Protection of the general public from DEP hazards: In addition to those exposed to diesel exhaust on their jobs, vast populations both in the United States and abroad are exposed to ambient air DEPs from trucks, buses, and some automobiles, as well as railroad, aviation, and ship exhaust and exhaust from construction and industrial diesel equipment. According to IARC’s press release classifying diesel exhaust as carcinogenic, “The main studies that led to this conclusion were in highly exposed workers. However, we have learned from other carcinogens, such as radon, that initial studies showing a risk in heavily exposed occupational groups were followed by positive findings for the general population. Therefore actions to reduce exposures should encompass workers and the general population."1
Ionizing radiation and other less studied carcinogens remain subjects of scientific debates about the linearity versus nonlinearity of dose-response curves (toxicology) and exposure-response curves (occupational epidemiology).35,36 Nevertheless, many in science and public health appropriately adopt a precautionary approach that carcinogens should be treated as if no such threshold exists and that any dose of these agents may cause cancers, albeit at lower rates as the dose decreases. Such precautionary approaches were endorsed by APHA in 1996 (Policy Statement 9606) and reaffirmed in 2000 (Policy Statement 200011). It should further be noted that significant sources of diesel exhaust such as bus depots and industrial facilities are often concentrated near low-income communities of color, as noted by APHA in 1999 (Policy Statement 9912). While efforts have been made since then to better assess and alleviate racial/ethnic disparities, these disparities persist (albeit at diminished levels).37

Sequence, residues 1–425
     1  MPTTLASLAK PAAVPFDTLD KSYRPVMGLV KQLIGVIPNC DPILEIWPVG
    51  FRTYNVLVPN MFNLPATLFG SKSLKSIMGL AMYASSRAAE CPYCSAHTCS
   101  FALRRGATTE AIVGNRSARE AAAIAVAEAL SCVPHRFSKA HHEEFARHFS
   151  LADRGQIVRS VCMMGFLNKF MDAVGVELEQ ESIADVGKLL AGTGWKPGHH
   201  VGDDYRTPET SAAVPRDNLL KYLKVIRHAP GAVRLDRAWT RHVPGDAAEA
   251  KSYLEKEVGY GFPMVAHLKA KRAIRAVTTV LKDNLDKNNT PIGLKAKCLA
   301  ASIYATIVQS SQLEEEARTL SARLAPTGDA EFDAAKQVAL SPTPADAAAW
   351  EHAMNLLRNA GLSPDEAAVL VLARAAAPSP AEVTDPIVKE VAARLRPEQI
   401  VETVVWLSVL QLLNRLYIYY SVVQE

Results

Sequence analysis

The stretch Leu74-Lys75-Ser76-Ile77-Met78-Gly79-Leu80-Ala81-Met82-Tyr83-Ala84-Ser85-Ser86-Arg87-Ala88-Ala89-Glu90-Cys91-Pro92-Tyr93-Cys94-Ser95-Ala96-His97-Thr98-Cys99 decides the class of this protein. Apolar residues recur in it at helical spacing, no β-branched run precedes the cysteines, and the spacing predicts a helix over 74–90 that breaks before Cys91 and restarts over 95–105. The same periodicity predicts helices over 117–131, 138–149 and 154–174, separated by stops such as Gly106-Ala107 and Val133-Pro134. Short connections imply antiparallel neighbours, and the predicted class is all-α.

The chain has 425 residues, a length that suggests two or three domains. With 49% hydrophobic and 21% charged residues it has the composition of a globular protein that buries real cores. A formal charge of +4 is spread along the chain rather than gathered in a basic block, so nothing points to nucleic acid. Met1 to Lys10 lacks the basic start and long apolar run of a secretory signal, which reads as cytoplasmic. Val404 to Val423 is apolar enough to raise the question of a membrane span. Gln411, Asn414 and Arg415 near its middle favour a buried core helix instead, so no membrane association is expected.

In 2001, EPA announced new standards for heavy-duty trucks and buses to take effect in model year 2007, requiring low-sulfur diesel fuel and high-efficiency catalytic exhaust emission control devices.38 EPA estimates that particulates will be reduced by 90% and nitrogen oxides by 95%, thereby lowering emissions to “gasoline-like” levels. EPA issued a tiered series of similar regulations between 1994 and 2004 covering nonroad diesel engines in construction, agriculture, and other covered industries (e.g., backhoes, tractors, emergency power generators, and airport ground service vehicles).39 In 2011, as part of federal climate change initiatives, EPA enacted additional regulations (to take effect in model years 2014–2018) reducing greenhouse gas emissions and improving the fuel efficiency of medium- and heavy-duty vehicles.40
However, as important as these regulations are in reducing DEP emissions, they are all technology neutral, that is, compatible with retrofitting existing diesel vehicles and equipment. With diesel engine and equipment lifetimes of 20 to 30 years and millions of older (pre-2007) diesel engines still in use, the air pollution from these older engines remains a major public health problem.22–24